Courtesy of Cate Turner
The Halloween-themed market offered decorations and knick knacks.
R. House hosted a Halloween-themed vintage market to support the Women’s Advocacy Coalition in Baltimore on Sunday, Oct. 14. The market, located in the garage right next to the bustling Remington food court, is home to many flea market-type events throughout the year. Its wide open space and natural light is an ideal setting for the cute, homemade goodies that vendors often sell there.
Much like everyone else, I get very excited at the prospect of Halloween (and fall in general); I don’t think I’ve met a single person who doesn’t appreciate a good spooky aesthetic. So when I see the words “Halloween” and “vintage market” in the same sentence, I assume that I’m going to walk into a wonderfully creepy place that gets me even more excited about October than I already am. But the R. House garage, with its natural lighting and plain walls, was a bit of a letdown. And having attended previous markets at R. House, I was ready to see the usual turnout for these kinds of events: lots of shoppers, families and people trying to up their thrift game. But there were far fewer attendees and vendors than expected — especially given that 6,600 people on Facebook had indicated that they were interested.
Nonetheless, there was plenty to see at each of the various stations, and luckily I left R. House all the more excited for Halloween. Additionally, nearly every seller had some sort of depiction of Edgar Allan Poe, so I could probably draw him from memory at this point (which is always a plus).
The first vendor that caught my eye was a man selling handmade art which ranged from graffiti-style illustrations to intricate and small canvas paintings. The seller, who goes under the name 11-13 Creations, had perhaps the most floor space in the room, and his bright, intense colors and pop-art style paintings were incredibly eye catching.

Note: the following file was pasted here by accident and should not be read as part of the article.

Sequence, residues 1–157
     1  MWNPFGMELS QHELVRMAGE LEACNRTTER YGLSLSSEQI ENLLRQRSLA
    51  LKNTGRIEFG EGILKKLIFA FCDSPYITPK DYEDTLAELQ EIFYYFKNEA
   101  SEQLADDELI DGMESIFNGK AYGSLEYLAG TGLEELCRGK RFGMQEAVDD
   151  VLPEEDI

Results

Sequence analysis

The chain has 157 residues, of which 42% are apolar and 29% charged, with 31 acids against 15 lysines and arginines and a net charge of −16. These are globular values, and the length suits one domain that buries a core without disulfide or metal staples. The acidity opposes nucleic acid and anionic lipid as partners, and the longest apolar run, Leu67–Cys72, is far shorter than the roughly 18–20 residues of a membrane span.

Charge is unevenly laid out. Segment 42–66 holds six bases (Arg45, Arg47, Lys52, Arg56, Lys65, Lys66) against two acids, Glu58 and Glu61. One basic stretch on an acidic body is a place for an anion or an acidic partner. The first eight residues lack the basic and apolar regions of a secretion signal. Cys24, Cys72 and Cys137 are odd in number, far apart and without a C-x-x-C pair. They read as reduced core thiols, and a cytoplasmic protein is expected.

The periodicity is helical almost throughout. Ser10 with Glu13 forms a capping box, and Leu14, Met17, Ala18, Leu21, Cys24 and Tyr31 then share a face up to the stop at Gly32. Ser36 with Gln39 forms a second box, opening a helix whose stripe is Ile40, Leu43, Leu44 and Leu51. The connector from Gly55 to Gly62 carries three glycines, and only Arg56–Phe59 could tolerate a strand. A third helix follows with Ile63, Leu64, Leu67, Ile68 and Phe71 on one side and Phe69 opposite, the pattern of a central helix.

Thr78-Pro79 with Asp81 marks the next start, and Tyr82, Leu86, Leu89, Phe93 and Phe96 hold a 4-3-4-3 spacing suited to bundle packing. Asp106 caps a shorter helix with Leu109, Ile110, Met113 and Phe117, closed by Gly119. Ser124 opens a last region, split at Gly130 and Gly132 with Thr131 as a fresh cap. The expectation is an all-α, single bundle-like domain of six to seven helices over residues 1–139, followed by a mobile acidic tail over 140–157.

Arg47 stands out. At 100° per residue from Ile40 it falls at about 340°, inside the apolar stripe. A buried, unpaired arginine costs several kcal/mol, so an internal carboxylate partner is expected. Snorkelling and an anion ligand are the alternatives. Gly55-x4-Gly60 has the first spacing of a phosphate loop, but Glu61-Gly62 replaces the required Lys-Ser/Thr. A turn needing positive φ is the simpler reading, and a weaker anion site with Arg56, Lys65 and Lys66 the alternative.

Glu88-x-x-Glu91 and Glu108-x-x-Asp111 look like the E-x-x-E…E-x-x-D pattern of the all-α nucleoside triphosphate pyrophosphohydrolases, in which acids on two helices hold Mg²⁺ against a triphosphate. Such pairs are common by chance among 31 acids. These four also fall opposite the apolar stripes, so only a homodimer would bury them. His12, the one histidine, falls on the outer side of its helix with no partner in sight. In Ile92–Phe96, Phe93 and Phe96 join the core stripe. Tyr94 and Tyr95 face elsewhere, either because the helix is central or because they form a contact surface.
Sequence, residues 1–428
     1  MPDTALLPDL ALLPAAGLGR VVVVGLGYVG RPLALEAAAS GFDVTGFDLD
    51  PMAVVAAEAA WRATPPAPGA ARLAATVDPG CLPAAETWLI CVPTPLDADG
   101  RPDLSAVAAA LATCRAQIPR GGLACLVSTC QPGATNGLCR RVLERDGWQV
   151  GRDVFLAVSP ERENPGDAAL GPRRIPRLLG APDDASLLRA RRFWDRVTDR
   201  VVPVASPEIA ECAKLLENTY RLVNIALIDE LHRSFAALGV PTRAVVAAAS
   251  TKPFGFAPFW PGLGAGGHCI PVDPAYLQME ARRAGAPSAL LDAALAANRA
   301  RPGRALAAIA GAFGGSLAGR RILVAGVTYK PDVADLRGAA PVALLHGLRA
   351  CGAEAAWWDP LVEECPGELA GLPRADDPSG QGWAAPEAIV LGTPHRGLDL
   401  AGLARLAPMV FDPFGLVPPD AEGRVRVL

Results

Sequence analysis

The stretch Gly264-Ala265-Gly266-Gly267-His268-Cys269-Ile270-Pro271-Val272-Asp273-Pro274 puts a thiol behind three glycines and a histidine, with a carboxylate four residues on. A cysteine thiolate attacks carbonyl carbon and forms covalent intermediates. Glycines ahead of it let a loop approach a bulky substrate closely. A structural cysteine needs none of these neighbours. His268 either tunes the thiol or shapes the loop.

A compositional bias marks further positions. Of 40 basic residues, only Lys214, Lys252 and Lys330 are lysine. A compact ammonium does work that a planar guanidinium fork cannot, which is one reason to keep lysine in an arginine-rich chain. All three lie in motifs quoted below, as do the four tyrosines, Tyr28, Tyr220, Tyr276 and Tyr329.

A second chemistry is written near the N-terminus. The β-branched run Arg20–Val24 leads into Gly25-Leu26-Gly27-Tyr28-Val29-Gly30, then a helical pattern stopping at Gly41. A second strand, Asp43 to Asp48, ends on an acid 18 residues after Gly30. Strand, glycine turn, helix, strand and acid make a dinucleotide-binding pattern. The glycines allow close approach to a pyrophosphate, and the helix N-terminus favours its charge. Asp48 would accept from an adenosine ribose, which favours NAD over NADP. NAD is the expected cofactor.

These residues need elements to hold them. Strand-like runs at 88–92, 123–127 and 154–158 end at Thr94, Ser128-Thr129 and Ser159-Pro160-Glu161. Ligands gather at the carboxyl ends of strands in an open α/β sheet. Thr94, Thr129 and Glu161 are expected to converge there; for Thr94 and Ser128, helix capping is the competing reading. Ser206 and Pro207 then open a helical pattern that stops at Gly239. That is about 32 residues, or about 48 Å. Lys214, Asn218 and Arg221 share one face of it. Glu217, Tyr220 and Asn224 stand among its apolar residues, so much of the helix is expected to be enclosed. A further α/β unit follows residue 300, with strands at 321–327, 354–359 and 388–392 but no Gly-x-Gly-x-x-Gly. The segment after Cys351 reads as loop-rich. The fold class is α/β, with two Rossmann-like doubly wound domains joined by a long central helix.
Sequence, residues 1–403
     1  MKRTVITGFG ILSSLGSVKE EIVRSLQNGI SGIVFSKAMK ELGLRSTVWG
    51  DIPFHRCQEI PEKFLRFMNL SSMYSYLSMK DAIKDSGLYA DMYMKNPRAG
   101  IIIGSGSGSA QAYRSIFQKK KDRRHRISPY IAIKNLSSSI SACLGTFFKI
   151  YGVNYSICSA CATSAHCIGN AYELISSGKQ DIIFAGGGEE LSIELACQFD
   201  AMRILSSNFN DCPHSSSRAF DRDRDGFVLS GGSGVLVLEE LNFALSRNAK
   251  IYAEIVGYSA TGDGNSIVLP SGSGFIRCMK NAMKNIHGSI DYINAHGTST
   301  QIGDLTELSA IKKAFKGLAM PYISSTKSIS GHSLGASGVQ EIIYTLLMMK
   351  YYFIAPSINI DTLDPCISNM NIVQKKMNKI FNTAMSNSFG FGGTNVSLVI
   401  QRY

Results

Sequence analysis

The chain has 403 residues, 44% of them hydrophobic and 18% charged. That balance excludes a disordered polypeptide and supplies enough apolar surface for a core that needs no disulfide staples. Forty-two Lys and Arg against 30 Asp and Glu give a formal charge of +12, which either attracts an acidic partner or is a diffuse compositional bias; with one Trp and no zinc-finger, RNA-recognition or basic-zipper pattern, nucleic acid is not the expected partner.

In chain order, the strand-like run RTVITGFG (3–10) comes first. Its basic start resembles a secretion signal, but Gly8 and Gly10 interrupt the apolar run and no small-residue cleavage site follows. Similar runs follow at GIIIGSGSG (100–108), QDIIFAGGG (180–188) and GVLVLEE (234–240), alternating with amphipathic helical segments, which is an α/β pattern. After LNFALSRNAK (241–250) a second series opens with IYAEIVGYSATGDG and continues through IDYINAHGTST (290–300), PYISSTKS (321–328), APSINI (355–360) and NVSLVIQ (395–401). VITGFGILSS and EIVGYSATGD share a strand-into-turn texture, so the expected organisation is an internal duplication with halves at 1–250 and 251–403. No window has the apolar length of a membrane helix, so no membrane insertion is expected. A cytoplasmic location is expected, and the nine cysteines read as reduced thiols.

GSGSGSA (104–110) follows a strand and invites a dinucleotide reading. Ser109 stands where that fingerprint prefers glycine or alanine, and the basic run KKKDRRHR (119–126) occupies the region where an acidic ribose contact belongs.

There were several stations, such as Maxi Cif Designs and Eaarth Bones, that were selling pretty jewelry and accessories, and I think they did a good job capitalizing on the Halloween theme. When it’s October, I tend to think of gemstone necklaces as witchy instead of beautiful and moon necklaces as haunting instead of, well, moon necklaces, and therefore I immediately want both.
The most satisfying vendors were the ones that really took the theme to heart and set up tables with perfectly creepy, antique style goods. What they were selling looked like it belonged in the wizarding world of Harry Potter’s Knockturn Alley. There were skulls and old books and strangely shaped candles, all poised on antique tables that could definitely have been haunted.
My personal favorite was the vendor Second Guess Stitches, who sold handmade cross stitch and embroidered wall art. The owner said she realized the classically delicate and stereotypically feminine artwork could be something more fun when she started putting bad words and funny phrases on them. Some of my favorites included “My favorite season is the fall of the patriarchy” and a UFO accompanied by “Get in loser we’re going probing.”
There was also a vendor who featured small mannequin heads wearing unicorn headbands, but I tried to avoid that table.
While basically every station had some sort of connection to Halloween, I found that the market was slightly lacking in overall spookiness. This is understandable because not many stores specialize in Halloween trinkets, but my hopes were high — again, the words “Halloween” and “vintage market,” when seen together, really conjure a certain image. For some unknown reason, there was a strangely large number of vendors selling tie-dyed products and children’s clothing. Even more stores had an unidentifiable range of products: One woman was selling mostly bright-colored clothes and fun jewelry, but she also had a small space at her station allocated to her collection of Barbie arm keychains. To be honest, that might have been the scariest part of the whole event. But this particular market is still in its early stage, so perhaps more vendors will join as the project (hopefully) expands in upcoming years.
After I left the market and ate my Katsu Sando from BRD (which was absolutely incredible, by the way), at least three different children ran by me with skeleton and vampire face paint, and I knew the event had to be a success. It’s easy to get excited about Halloween, and seeing the vendors put so much work into their handmade, creepy products definitely helped. I would recommend staying updated with the events and markets R. House holds, because you never know what you might find among the weird and funny trinkets. And then you should go get a sandwich from BRD, because they’re so worth it.